Before scientists can design drugs to target a disease-causing protein, they have to resolve the protein’s structure. To date, researchers have typically determined protein structures by x-ray crystallography, which requires precipitating the proteins into large crystals, exposing the crystals to x-rays, and analyzing the x-ray diffraction patterns. The crystals must be large enough to withstand the damage caused by x-rays. Many proteins, however, don’t crystallize easily, or at all.
To circumvent this problem, Tamir Gonen’s research group at Janelia developed a method called micro-electron diffraction, or MicroED, which enabled them to determine the structures of proteins from submicron-sized crystals. The method involves shooting electrons at tiny protein crystals under cryogenic conditions and collecting the resulting electron diffraction patterns. Electrons interact with matter more strongly than x-rays, which is why it’s possible to obtain useful data from very tiny crystals.
A single electron diffraction pattern is insufficient to determine a protein’s structure, but by gradually rotating a tiny crystal repeatedly before shooting it again with electrons, and thus collecting diffraction patterns from multiple angles, it becomes possible to mathematically reconstruct the protein structure. Gonen and his team solved the structure of lysozyme using this method, and published their findings in eLife in 2013. Since then, Gonen’s team has determined many other structures, and the method has been adopted by a number of other laboratories around the world.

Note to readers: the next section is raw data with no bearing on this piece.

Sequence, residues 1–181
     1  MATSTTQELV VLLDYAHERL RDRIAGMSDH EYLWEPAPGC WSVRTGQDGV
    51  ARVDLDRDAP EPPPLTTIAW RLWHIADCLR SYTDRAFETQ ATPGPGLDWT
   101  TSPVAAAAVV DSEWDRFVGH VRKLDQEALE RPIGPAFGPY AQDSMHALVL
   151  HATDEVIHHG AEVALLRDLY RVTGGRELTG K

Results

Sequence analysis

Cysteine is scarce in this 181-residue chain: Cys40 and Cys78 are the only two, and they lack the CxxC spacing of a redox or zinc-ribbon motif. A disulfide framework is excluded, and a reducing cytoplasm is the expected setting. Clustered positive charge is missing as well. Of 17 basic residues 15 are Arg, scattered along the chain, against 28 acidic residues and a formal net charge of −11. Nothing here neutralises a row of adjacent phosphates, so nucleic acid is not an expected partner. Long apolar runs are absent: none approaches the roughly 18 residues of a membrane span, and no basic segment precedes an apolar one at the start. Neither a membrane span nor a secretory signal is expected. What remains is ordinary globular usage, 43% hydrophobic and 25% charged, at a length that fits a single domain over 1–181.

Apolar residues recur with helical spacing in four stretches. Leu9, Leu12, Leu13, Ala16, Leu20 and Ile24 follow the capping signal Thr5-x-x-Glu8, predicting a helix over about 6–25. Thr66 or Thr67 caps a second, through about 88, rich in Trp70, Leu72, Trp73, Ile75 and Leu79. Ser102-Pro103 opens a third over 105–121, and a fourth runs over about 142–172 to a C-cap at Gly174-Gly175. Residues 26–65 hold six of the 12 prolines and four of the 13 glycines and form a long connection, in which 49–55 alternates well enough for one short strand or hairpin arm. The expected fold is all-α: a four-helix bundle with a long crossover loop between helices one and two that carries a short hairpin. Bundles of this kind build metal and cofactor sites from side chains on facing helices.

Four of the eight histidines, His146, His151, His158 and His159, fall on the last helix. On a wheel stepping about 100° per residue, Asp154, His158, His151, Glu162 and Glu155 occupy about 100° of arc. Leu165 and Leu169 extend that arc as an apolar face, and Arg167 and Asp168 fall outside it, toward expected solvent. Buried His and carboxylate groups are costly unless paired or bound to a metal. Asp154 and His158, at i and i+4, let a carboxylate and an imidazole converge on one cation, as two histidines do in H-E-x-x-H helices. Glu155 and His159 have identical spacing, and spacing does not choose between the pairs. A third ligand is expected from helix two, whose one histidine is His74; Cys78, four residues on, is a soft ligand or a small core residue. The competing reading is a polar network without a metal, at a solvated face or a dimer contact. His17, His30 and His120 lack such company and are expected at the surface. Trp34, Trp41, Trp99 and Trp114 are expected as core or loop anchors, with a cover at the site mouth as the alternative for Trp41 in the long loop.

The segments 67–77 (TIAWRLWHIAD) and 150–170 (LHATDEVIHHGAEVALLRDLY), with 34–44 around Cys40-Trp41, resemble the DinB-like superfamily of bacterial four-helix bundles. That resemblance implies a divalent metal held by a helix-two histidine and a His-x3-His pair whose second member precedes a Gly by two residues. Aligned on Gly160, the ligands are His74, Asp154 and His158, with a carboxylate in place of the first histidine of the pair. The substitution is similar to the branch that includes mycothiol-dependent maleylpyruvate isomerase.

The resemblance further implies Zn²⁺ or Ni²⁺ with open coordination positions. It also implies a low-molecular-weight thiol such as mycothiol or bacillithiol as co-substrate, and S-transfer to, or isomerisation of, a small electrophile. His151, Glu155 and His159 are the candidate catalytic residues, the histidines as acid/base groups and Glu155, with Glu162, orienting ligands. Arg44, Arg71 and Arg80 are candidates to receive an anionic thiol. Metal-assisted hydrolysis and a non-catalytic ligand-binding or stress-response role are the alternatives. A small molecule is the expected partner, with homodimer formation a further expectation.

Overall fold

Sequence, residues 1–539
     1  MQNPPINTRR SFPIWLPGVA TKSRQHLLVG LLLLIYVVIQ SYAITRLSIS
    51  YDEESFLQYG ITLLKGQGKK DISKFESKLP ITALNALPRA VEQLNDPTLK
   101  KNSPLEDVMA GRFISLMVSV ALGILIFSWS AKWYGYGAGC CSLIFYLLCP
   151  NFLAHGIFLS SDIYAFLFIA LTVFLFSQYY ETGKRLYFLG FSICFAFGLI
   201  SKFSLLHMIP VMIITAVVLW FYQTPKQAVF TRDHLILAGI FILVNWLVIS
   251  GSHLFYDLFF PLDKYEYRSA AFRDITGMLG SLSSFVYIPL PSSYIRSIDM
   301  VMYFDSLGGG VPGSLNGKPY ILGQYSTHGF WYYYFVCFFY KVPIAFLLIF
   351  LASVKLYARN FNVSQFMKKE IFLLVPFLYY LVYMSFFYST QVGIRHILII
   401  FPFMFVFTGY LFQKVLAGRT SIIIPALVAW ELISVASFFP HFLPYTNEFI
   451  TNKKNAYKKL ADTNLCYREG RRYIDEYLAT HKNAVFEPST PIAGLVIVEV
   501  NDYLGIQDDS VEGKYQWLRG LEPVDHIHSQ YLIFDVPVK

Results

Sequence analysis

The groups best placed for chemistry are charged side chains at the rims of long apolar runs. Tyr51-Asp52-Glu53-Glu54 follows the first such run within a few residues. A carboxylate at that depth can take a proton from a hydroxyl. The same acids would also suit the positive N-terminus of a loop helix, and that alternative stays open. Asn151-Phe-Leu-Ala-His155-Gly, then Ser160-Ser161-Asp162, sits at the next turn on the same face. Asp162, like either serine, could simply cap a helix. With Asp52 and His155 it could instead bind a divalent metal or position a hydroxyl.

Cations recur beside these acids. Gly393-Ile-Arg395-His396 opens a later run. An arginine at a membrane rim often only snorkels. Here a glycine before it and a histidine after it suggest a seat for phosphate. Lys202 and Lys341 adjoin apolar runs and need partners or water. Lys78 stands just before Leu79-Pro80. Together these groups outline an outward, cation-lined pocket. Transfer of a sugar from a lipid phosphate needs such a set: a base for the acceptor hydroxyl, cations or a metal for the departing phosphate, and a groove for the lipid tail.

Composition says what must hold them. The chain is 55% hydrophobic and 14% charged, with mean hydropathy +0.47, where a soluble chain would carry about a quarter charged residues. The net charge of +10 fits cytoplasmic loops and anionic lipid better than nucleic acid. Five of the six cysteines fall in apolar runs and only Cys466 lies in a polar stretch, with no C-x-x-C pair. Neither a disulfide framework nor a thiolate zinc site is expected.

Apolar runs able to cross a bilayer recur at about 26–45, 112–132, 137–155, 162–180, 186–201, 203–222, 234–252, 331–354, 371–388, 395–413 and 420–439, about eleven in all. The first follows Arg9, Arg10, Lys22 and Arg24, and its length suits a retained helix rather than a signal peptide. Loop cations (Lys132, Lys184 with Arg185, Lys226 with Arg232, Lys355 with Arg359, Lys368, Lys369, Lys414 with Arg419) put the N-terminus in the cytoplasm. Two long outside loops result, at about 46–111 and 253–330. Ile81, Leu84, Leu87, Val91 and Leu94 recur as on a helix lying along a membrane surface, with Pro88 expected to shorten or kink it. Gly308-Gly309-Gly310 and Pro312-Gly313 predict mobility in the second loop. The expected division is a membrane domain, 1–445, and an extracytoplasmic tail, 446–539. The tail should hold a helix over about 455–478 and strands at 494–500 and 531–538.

A cartoon representation of the MicroED technique, in which electron beams (green) are aimed at a tiny protein crystal, with the resulting diffraction pattern collected for later analysis. The crystal is rotated one degree at a time, and diffraction patterns are collected at each new angle.
An example of a MicroED-generated electron diffraction pattern.
Raw data representation of the structure of lysozyme, the first protein structure ever determined by MicroED. The structure was published in eLife in 2013.
The final protein structure model of lysozyme, as determined by MicroED.
The final structure of catalase, the second structure ever determined by MicroED. The structure was solved from a single nanocrystal that was less than 200 nm thick. The structure was published in eLife in 2014.